He also stated that, in the event of conflict between North Korea and the U.S. – “if the North and the United States go to the extreme” – the proper role for the ROK should be to “mediate the possible quarrel” and that he would “call for concessions from both sides so the nuclear issue can be resolved peacefully.” This was interpreted and widely reported as a declaration of neutrality in a conflict (rather than backing an ally that had spent the last 50 years defending the ROK); The Washington Times interpretation read, “We should proudly say we will not side with either North Korea or the United States.” This statement is cited as prompting Roh’s alliance partner, National Alliance 21 chairman Chung Mong-joon (who had withdrawn his own candidacy in support of Roh) to withdraw his support at the 11th hour (although cynics also cited indications that Roh appeared to be reneging on a pledge to support Chung five years hence). Despite this election eve controversy, Roh managed to win the presidency with 48.9 percent of the vote (2.3 percent more than Lee Hoi-chang, who subsequently retired from politics after his second unsuccessful bid for the presidency).
After the election, President-elect Roh was quick to send positive, although not necessarily conciliatory, messages to Washington, pledging to “closely cooperate” with Washington in handling the North Korean nuclear issue, while still asserting that relations between the two allies must “mature and advance.” He also repeated his call for SOFA revisions. President Bush immediately called to congratulate the president-elect and Roh’s office reported that the two “agreed to work closely together for peace on the Korean Peninsula and strengthen the South Korea-U.S. alliance.”
While neither the election of Roh Moo-hyun nor the current wave of anti-American feelings are likely to put the U.S.-ROK alliance at serious risk, they should serve as a wake-up call for Washington. For the second time in recent months, a ruling party candidate riding an anti-American bandwagon has won a democratic election in a nation formally aligned with the United States. The Korean and German experiences send a clear signal, reinforced in recent global opinion polls, that the Bush administration’s premature fixation with Iraq and its overall hardline image when it comes to dealing with friends and potential adversaries alike, are not serving America’s broader national security interests. Those most closely associated with this approach – Vice President Richard Cheney and Defense Secretary Donald Rumsfeld most readily come to mind, along with selected members of the U.S. Congress (they, and you, know who they are) – might want to reflect on its consequences. Washington must also do a better job in explaining its objectives and in reaching out to President-elect Roh and those who are not convinced that Korea’s future is inextricably linked to continued close security cooperation with Washington.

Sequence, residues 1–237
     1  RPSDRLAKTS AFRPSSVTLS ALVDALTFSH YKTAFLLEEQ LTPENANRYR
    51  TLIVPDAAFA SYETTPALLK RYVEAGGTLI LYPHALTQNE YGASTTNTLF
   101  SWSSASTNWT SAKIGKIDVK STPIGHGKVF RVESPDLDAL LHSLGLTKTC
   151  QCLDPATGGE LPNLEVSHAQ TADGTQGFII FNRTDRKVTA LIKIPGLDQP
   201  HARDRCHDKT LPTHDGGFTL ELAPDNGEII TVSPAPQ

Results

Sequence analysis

The Bumpy Road Ahead
By quarter’s end, outgoing President Kim Dae-jung and President-elect Roh were still echoing Washington’s call for immediate North Korea compliance with its nuclear obligations, as was the international community in general. Following news that the North was removing IAEA monitoring equipment, President Kim announced that his government would “never go along with the North Korean’s nuclear weapons development,” once again demanding that the North abandon its nuclear and weapons of mass destruction programs. President-elect Roh subsequently warned Pyongyang that continued defiance of IAEA safeguards would negatively affect inter-Korean exchanges. He also called on anti-U.S. protesters to exercise “self-restraint.”
Nonetheless, both President Kim and President-elect Roh, the ROK media, and public in general, were becoming increasingly critical of Washington’s steadfast refusal to enter into negotiations with the North. This was especially true after a senior Bush administration official was quoted, on Dec. 28, as saying that Washington was considering a policy of “tailored containment” against the North in the belief that growing isolation, including the threat of economic sanctions (presumably approved by the UN), was the best way to force Pyongyang to give up its nuclear ambitions. “I am skeptical whether so-called ‘tailored containment’ reportedly being considered by the United States is an effective means to control or impose surrender on North Korea,” Roh told reporters on New Year’s Eve. “Success or failure of a U.S. policy toward North Korea isn’t too big a deal to the American people, but it is a life-or-death matter for South Koreans. Therefore, any U.S. move should fully consider South Korea’s opinion.”